Here’s hoping I jarred you enough with the animated gif of Raspberry Pi’s logo above. Today, on my regular waltz through the internet, I stumbled on the fascinating world of embedded systems, origin being Kano’s $129 computer kit. They took advantage of the power we have packed in today’s little embedded systems to solve a problem. Enabling people have the experience of creating their own computer, programming their own applications, and in the process, learning how to code. We are hearing more about learning how to code these days because coding is becoming a highly valued skill, akin to knowing how to using a computer ~30 years ago. It has been predicted in many circles that we are fast approaching a world where knowing how to code will be a pseudo-mandatory skill for almost any job, just like knowing how to use a computer is today. Thus, making it an important problem to solve.
That said, I’ll backpedal a little to the age of mainframe computers to give some context to my thoughts. We would typically have a computer that has some applications running on it for utility in a business or organization, and then have a bunch of dumb terminals that would connect to that mainframe to utilize the applications. We eventually outgrew that era because we found out that we could do more with personal computers for less. In essence, it made more sense for us to do the heavy lifting on the fast emerging PC as opposed to a mainframe, increasing the productivity of a typical computer consumer.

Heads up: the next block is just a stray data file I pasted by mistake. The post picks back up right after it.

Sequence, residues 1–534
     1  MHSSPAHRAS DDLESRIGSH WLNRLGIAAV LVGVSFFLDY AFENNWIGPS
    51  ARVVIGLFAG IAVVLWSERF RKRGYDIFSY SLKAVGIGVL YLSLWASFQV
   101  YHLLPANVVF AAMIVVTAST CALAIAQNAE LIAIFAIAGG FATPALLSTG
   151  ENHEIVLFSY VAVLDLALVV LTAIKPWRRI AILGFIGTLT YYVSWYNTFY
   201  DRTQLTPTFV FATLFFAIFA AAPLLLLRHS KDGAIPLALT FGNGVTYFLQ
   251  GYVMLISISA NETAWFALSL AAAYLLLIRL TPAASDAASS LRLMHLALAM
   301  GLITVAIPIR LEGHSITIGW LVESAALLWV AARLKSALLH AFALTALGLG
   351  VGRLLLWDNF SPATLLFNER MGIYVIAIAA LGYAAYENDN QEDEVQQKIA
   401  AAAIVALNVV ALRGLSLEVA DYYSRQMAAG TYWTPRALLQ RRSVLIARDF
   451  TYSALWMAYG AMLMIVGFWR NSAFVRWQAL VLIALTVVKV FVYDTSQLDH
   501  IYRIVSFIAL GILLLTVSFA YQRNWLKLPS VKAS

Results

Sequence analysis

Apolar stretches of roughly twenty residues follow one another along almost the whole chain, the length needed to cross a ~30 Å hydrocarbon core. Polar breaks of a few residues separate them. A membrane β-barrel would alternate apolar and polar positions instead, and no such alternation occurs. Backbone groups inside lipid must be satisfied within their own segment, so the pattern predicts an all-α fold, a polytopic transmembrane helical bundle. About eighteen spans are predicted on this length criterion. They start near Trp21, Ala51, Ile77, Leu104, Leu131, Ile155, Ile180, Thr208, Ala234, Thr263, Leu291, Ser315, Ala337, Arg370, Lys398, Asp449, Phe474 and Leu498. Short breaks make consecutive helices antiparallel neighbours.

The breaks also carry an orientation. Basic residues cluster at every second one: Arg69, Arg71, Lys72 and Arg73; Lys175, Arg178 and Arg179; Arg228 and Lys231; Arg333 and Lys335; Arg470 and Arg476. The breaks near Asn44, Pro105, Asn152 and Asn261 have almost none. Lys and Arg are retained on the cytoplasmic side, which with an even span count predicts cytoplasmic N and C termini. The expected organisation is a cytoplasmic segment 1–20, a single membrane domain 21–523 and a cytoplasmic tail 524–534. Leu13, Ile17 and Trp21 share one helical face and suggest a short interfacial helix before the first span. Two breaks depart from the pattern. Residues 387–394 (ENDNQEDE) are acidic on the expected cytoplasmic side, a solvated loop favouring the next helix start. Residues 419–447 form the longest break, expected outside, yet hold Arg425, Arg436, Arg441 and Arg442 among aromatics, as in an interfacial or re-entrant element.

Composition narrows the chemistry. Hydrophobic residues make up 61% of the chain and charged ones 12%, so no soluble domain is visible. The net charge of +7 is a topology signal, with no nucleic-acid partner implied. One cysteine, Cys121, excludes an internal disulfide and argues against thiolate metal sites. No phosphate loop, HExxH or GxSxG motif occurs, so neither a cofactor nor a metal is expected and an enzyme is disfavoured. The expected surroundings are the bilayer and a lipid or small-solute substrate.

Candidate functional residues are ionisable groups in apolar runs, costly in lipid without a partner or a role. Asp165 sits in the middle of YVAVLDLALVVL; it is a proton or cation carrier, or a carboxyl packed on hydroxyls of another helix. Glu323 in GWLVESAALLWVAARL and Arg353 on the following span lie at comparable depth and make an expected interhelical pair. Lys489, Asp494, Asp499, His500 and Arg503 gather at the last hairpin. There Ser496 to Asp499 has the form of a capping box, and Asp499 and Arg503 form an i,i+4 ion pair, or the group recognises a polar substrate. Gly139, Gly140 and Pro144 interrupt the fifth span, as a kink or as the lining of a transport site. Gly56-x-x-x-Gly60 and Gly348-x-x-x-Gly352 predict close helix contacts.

After that, came the era of the internet. We developed the ability to store data and centralized information on a publicly accessible server, while we still did most of the heavy lifting on our personal computers. As an iteration of this era comes Web 2.0 and cloud computing. Here, we use the internet as a platform. We do the heavy lifting and complex computing operations on central servers, and deal with the presentation, view and/or manipulation of the resulting information on the client side (personal computer).
Networking has evolved, so has the technology behind it and its utility. For instance, I can send a dataset to Amazon EC2, write a program to execute a complex operation with the data and then give me an output in real time. The idea being, with my PC, I can employ a whole datacenter on demand (500 – 10000 computers if I want) to achieve something that would have taken considerably longer on my computer. I can achieve these things much faster, and make the application of that data accessible from anywhere in the world that is accessible via the internet, at scale. Wow! A feat that was elusive to even large budget researchers as little as 7 years ago. This almost takes us back to the earlier mainframe computer days where the application executed on the mainframe and the client was a ‘dumb’ terminal to pretty much create, read, update and delete data. Difference is, the application running on the ‘mainframe’ today is now accessible anywhere and everywhere, thanks to the internet. Think about the scale.